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Claiming Freedom: The Declaration of Independence

Declaration of Independence image

Why the Declaration of Independence was written

The beginnings of the Declaration date back much further than 1776. In May of 1775, the Second Continental Congress met in Philadelphia. The list of grievances sent to King George III by the First Continental Congress had not yet been answered. Throughout the summer of 1775, the Second Continental Congress worked to set up an army, a postal service, and new currency to be used in the colonies. By August, King George was aware that “his” colonies were in rebellion, and he began to sign acts into effect, beginning with the American Prohibitory Act, which said that all American sea vessels were property of England. In January of 1776, Thomas Paine released a pamphlet called “Common Sense,” detailing a coherent argument for independence from Great Britain. Many colonists were still divided or undecided on the issue of independence from Britain; historians now say this was likely the tipping point that convinced the majority that independence was inevitable. In April of that year, ports were opened so the colonies could trade with countries other than Britain. However, one month later, Germany formed a pact with Britain saying that they would help take down any rebellious colonists. On May 15, the delegates of Congress were instructed to draw a proposal saying the colonies were free and independent states. On June 7, Richard Henry Lee put forth the Lee Resolution, basically stating that the colonies are and ought to be free from allegiance to Great Britain.

Acceptance amongst the States

Four days later, Congress chose a committee of five men, John Adams, Benjamin Franklin, Thomas Jefferson, Robert R. Livingston, and Roger Sherman, to draft a final statement of the colonies’ independence. The five men wrote what we now know as the Declaration of Independence, which was officially adopted in the afternoon of July 4, 1776. The Declaration stated that the thirteen colonies of America no longer regarded themselves as part of the British nation, and therefore were no longer ruled by the British government. By July 9, all 13 colonies had approved of the Declaration. Once the Declaration was engrossed (written legibly on a large piece of paper), delegates from every colony had to sign in agreement. The President of the Congress, John Hancock, was the first to sign his name on the document. Others followed by signing in geographical relation to which colony they represented. Eventually, nearly every delegate signed the Declaration, save two, one of whom thought reconciling with Great Britain was best, and one who thought the Declaration was not prudent and should be reconsidered before taking such a big leap.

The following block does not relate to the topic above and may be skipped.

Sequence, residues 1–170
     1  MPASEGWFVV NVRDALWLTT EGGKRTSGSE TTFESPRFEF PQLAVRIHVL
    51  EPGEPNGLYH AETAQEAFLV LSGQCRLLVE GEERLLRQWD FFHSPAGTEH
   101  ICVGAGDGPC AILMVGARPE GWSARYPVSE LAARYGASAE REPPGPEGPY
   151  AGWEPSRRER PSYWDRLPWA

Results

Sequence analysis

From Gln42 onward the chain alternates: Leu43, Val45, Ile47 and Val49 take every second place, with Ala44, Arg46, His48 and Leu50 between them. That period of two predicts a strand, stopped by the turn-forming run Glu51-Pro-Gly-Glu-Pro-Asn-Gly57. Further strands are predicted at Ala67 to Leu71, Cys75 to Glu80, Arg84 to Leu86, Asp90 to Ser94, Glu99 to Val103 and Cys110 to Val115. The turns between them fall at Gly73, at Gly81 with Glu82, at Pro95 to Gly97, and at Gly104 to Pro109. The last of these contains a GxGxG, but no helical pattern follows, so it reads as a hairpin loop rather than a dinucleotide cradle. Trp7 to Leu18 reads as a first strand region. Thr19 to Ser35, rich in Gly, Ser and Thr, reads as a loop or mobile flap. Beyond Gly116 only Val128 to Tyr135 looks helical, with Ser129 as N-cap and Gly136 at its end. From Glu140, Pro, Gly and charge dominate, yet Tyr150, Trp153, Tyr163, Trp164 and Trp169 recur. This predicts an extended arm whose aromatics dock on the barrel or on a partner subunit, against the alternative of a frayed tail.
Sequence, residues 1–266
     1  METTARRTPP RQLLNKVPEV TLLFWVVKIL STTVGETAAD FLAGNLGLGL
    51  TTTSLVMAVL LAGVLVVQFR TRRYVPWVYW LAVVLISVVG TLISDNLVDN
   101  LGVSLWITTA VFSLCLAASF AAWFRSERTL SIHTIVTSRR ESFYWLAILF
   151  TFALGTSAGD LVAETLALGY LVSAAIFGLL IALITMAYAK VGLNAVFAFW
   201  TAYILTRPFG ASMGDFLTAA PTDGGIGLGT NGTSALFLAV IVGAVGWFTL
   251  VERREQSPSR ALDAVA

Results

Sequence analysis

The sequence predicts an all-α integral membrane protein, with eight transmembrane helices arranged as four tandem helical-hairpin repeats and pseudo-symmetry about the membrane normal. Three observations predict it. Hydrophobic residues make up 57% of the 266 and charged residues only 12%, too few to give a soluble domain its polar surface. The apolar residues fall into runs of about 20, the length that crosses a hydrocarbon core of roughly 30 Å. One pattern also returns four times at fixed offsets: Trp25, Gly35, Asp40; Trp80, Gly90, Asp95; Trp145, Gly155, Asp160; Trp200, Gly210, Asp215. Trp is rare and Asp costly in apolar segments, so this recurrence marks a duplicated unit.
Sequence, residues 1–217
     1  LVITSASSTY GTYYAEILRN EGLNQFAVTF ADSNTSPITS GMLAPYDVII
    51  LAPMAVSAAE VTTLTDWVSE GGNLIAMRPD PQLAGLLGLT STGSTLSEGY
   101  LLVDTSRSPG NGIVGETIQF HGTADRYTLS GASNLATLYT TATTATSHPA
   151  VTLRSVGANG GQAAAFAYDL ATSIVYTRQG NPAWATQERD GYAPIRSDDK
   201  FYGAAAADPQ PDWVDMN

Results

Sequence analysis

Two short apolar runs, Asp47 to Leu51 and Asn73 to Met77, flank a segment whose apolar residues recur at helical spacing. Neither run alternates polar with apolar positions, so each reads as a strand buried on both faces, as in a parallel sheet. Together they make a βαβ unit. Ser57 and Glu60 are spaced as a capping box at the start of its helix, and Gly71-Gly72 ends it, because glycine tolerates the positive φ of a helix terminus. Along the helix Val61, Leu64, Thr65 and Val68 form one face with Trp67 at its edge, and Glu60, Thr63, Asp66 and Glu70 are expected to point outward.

Structure of the Declaration of Independence

The Declaration is composed of five sections. The first is the preamble, and it explains the context under which the Declaration is being written. The second states the rights of men that the government has to secure, and it states that when the government does not uphold these rights, it should be overthrown and rebuilt into a government that functions for the betterment of all. The third section was composed of a list of grievances against England, and King George’s rule specifically. The fourth section addressed the fact that the colonies had tried to reach out to Great Britain before with complaints, and those complaints went unanswered. The fifth and final section declared that the colonies were and ought to be free states. It also specifically stated that any and all political ties to Great Britain were and ought to be dissolved.

The Declaration had five inherent propositions. First, that all men are created equal. Second, that all men are given “unalienable” rights from their creator. Third, that included in those rights are life, liberty, and the pursuit of happiness. Fourth, that governments are created in order to ensure that every man possesses these rights. And fifth, that when the form of government begins to destroy these rights instead of protect them, the people have the right to change or overthrow said government.